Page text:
‘The Secret History’ Book Review

“The Secret History,” the 1992 psychological thriller written by Donna Tartt, is a beloved novel by many. Some may even go as far as to say it is deserving of the accolade of a modern classic. As for my own opinion, I would counter this belief. While the writing found throughout the book is truly full of compelling and elegant language, it falls short in its attempt to bring alive characters that ultimately fall flat and to develop a suspenseful plot line that is consistent from beginning to end. 

**Spoilers ahead**

The premise of this book involves a group of misfit college students at a New England college who separate themselves from their peers under the leadership of their charismatic English teacher. As described on the back cover of the novel “their search for the transcendent leads them down a dangerous path, beyond human constructs of morality.”

The narrator, Richard, is a naive freshman college student traveling all the way from California to New England, and joins this friend group as the lone new addition. The novel begins in haunting fashion, as Richard tells readers what this story is about- the murder of his former friend Bunny. Not just that, but that Bunny’s blood was on his own and his friends’ hands. It certainly places a great deal of suspense into the very first chapter, and entices the readers to keep going.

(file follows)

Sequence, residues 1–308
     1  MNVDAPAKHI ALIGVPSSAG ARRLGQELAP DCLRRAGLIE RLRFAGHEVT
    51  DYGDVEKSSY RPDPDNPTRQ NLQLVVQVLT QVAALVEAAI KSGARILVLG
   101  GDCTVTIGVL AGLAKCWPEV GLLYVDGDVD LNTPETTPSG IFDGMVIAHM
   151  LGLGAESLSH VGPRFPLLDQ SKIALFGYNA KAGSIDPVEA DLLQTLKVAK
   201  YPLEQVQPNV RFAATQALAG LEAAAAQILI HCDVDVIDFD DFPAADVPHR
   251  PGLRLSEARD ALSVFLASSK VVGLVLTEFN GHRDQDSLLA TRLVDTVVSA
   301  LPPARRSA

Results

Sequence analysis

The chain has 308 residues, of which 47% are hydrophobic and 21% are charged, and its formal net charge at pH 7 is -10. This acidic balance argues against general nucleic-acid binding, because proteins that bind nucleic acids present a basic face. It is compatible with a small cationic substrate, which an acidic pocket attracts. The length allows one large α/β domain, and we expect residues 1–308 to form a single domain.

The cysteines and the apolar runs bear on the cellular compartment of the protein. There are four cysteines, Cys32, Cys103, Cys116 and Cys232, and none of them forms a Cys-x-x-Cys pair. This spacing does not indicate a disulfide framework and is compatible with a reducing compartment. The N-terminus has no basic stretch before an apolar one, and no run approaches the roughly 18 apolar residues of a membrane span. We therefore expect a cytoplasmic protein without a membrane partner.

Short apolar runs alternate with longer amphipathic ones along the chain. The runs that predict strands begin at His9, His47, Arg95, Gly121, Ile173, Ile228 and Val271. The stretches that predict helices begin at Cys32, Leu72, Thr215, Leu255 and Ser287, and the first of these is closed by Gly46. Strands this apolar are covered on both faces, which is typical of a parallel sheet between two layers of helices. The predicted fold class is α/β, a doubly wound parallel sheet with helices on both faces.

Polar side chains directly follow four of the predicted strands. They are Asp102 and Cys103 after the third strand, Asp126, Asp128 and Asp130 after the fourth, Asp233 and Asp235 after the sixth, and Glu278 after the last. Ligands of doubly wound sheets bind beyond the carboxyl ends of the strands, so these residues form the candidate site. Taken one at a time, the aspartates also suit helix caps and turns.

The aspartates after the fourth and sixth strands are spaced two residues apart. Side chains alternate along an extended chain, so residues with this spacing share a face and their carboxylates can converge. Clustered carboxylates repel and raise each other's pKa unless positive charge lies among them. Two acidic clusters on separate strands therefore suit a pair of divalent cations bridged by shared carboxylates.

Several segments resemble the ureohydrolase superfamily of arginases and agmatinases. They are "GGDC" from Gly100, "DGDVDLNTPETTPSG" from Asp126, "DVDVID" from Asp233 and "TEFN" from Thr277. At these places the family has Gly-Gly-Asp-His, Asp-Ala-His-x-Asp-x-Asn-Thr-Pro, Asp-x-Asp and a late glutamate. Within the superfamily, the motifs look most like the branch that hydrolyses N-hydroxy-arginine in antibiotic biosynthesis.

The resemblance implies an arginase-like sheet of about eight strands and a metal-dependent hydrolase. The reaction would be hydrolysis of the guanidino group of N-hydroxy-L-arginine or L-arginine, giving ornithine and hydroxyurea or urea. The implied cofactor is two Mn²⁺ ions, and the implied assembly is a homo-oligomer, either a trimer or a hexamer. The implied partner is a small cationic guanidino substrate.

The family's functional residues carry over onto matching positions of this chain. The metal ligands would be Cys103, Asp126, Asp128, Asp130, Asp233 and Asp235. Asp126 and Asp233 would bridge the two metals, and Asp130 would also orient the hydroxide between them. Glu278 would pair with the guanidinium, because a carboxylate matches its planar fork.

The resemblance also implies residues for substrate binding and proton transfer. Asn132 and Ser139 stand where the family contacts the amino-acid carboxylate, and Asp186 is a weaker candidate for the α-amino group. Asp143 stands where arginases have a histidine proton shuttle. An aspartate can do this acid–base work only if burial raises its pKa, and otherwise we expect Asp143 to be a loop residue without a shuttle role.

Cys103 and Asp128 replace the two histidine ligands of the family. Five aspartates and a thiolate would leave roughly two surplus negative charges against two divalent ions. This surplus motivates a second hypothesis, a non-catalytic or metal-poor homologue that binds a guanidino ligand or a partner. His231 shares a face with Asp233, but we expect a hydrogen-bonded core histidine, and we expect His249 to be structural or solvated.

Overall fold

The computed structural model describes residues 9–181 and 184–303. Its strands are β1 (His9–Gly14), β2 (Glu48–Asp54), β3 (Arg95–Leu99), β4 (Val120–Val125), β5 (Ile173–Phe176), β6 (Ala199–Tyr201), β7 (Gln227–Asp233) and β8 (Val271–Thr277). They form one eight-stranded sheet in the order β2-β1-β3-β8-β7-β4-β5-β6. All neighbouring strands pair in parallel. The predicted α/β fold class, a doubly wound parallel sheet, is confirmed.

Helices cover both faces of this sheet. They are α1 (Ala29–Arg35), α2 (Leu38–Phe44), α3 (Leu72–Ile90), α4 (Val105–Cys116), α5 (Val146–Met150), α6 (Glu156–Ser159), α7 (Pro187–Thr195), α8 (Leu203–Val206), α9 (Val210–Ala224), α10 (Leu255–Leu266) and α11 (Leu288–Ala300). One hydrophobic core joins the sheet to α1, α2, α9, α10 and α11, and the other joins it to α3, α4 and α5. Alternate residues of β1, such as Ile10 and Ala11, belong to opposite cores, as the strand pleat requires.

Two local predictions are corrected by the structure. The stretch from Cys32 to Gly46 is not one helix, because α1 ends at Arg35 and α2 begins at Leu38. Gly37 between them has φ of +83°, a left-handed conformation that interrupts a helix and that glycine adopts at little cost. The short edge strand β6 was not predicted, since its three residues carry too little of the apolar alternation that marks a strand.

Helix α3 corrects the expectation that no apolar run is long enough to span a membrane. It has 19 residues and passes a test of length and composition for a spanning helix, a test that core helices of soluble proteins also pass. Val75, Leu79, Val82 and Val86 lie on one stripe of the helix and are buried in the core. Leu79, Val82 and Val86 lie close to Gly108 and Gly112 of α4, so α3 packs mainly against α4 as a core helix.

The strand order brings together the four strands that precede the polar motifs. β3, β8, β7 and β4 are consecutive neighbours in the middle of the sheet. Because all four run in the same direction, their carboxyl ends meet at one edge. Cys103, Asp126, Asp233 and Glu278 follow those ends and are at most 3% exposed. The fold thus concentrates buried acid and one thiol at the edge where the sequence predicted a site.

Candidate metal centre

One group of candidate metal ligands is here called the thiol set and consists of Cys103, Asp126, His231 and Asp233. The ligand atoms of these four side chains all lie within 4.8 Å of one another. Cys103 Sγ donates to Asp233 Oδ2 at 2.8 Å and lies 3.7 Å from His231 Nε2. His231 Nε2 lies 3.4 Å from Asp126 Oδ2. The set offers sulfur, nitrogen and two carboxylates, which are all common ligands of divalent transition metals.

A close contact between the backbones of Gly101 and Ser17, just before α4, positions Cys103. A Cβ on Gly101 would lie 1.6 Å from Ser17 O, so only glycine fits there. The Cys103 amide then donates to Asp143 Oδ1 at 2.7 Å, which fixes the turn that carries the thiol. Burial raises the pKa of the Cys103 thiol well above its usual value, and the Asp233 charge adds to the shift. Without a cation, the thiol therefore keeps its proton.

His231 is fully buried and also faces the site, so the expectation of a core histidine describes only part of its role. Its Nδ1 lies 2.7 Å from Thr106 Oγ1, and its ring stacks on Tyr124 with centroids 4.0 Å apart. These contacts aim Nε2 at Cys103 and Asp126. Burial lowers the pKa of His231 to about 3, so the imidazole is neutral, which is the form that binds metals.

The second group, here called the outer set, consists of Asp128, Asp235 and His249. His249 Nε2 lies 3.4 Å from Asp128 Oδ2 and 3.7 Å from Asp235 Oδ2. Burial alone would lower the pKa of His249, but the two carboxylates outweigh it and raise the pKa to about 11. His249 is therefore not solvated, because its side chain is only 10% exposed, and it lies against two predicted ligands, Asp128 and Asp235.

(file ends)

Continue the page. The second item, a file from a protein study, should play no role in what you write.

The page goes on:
However, this first page was the most interesting of nearly all of them. The climax of the plot occurs 200 pages in, while the whole book is 530 pages long. I kept expecting a plot twist to make this the book I have heard so many people rave about. Instead, each underdeveloped plot twist introduced in the second half of the book seemed to fizzle out quickly after being introduced.

The characters in this group are certainly dynamic, and the layers of each character are pulled away as the story moves along. However, the only adjectives I can think of that accurately represent the five of them are as follows: insufferable, snobbish, and self-absorbed. Of course, this was intended by the author.

I am not the type of reader that needs to love all of the characters to appreciate them individually. However, as I kept reading this book, there was not a single character I found interesting enough for me to want to keep going and see what became of them. By the end of the story, I truly could not have cared less about the epilogue. Frankly, if this isn’t an indication that this book was not “for me” then I’m not sure what else would be.

If you would enjoy an opinion opposite to mine, check out this quote from Vanity Fair in a review of the novel. “A huge, mesmerizing, galloping read, pleasurably devoured…Gorgeously written, relentlessly erudite.” I can’t deny that the writing in this book had a beautiful and intentional rhythm to it, but that was the highlight of it for me.

(Photo courtesy of Goodreads.com)

I encourage you to read it for yourself and see which side you agree with!


Overall: 2.5/5 stars